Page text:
A novel dating from late in Puig’s career, Pubis angelical continues his exploration of the politics of power and subjugation. In this case the power is held exclusively by males; those subjected to male power and desires are women. Puig dramatizes his concerns by focusing on three women from different cultures and times.
The novel’s structure reinforces the interrelatedness of the three women’s experiences. Instead of telling the women’s stories consecutively, Puig alternates sections of the three stories so that the novel forms a braid of narrative, a single thematic statement composed of three individual strands.
The first plot line concerns The Mistress, a beautiful Austrian actress recently married to a wealthy German munitions manufacturer (The Master). The Master keeps her a virtual prisoner until eventually she discovers that he has acquired her (she is little more than a possession) because he wants to learn about experiments in mind reading supposedly conducted by her late father. Eventually she escapes, falling in love with the man who aids her. She comes to believe that this man’s motives are no purer than The Master’s, murders her new love, falls in love again, suspects the motives of this third love, and finally is killed trying to escape.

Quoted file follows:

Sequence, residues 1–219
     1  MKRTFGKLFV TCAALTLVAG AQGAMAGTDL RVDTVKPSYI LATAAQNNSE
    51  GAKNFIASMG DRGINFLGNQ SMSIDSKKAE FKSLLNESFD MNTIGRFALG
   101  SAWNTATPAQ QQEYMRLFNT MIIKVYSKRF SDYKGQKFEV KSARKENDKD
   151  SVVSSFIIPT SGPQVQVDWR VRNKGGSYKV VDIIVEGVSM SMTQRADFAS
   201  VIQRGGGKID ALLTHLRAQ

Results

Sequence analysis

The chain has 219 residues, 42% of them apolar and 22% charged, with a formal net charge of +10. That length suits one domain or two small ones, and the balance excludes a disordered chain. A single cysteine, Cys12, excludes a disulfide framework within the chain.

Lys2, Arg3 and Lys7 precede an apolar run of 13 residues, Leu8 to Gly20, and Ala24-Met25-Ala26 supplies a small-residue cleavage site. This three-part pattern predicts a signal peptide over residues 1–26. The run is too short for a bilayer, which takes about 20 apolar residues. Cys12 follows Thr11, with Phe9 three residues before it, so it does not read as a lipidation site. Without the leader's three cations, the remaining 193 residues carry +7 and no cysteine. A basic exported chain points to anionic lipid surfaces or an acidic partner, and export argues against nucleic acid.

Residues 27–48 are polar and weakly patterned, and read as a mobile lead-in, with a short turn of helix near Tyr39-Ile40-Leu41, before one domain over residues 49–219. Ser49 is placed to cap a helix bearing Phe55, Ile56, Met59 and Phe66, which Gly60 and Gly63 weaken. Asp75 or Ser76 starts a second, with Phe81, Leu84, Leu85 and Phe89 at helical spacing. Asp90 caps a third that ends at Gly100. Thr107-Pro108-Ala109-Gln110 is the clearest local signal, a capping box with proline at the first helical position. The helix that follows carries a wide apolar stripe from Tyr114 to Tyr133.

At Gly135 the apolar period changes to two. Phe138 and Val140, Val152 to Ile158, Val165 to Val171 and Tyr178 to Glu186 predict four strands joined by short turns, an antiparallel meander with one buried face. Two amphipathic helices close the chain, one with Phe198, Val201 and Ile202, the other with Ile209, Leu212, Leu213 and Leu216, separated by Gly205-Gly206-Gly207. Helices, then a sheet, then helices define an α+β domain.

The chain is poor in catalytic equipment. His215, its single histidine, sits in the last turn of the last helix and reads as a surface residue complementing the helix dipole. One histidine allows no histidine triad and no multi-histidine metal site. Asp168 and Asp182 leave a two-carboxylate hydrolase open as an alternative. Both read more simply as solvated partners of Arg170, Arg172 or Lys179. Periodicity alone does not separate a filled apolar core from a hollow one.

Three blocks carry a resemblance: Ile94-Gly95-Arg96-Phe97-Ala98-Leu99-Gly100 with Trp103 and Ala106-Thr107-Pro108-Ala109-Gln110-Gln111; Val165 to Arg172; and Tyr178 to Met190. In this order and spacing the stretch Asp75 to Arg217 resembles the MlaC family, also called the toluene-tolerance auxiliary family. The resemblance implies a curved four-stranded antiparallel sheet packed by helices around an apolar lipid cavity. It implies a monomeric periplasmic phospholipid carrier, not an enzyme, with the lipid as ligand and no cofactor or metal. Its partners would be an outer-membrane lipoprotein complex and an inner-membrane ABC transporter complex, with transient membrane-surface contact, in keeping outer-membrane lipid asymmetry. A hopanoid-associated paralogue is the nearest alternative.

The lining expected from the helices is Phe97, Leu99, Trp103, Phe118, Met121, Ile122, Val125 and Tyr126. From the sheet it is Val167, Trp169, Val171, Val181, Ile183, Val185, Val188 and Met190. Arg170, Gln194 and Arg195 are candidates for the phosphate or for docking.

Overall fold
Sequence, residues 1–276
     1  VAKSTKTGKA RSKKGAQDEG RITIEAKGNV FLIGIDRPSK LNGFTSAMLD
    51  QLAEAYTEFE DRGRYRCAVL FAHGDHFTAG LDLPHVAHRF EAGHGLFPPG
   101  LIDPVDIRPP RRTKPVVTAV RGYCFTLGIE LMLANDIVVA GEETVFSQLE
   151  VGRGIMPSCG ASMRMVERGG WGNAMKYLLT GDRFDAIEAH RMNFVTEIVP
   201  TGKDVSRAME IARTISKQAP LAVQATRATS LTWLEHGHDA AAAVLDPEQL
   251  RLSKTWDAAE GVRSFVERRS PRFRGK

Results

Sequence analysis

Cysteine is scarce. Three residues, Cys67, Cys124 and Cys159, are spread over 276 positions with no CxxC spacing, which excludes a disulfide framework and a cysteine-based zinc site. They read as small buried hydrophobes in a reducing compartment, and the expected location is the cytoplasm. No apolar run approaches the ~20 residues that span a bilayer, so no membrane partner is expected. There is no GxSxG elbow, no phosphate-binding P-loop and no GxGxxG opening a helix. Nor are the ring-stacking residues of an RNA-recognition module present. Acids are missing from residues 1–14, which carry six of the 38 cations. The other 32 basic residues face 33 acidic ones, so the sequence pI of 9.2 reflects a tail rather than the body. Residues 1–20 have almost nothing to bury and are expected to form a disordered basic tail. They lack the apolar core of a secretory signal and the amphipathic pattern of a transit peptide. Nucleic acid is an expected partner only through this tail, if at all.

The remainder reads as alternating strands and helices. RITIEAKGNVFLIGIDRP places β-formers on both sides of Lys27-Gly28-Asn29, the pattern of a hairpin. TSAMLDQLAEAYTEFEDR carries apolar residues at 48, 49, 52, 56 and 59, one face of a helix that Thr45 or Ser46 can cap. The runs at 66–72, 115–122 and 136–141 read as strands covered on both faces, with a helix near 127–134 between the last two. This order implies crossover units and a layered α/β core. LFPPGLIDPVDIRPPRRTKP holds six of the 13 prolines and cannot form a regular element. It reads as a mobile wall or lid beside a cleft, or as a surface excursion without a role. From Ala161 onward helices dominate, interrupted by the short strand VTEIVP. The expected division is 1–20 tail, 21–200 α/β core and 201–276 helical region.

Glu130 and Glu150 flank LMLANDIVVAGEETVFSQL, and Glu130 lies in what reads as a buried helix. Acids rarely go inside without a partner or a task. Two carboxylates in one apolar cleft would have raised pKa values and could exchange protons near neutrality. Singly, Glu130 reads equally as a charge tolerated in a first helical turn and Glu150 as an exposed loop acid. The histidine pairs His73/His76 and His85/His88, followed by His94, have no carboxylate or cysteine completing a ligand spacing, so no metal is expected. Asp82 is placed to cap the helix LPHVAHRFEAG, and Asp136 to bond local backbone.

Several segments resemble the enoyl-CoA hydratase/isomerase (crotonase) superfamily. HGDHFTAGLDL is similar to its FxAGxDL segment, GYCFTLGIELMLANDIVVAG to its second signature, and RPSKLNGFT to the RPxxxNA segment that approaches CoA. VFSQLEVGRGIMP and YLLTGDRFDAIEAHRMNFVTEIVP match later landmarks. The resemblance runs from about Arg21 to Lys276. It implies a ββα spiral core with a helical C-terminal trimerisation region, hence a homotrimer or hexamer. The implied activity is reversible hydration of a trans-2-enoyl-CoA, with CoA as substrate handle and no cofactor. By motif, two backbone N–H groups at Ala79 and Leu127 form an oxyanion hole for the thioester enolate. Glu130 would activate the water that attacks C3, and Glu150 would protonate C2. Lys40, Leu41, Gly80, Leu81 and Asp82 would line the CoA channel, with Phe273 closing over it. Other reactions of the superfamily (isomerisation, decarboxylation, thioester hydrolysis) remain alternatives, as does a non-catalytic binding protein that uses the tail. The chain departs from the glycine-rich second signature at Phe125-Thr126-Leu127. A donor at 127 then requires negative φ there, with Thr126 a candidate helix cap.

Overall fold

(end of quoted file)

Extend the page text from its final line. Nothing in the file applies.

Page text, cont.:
The second plot line concerns Ana, an Argentine who has fled an unhappy marriage and the political problems in her homeland only to be hospitalized with cancer in Mexico. Over the course of her conversations with her friend Beatriz the reader learns that Ana’s relationships with men have been no happier than the actress’s, although certainly less dramatic. The final blow comes when she realizes that her latest love, Pozzi, wants to manipulate her for his own political ends.
The last plot line is set sometime in a...
(The entire section is 469 words.)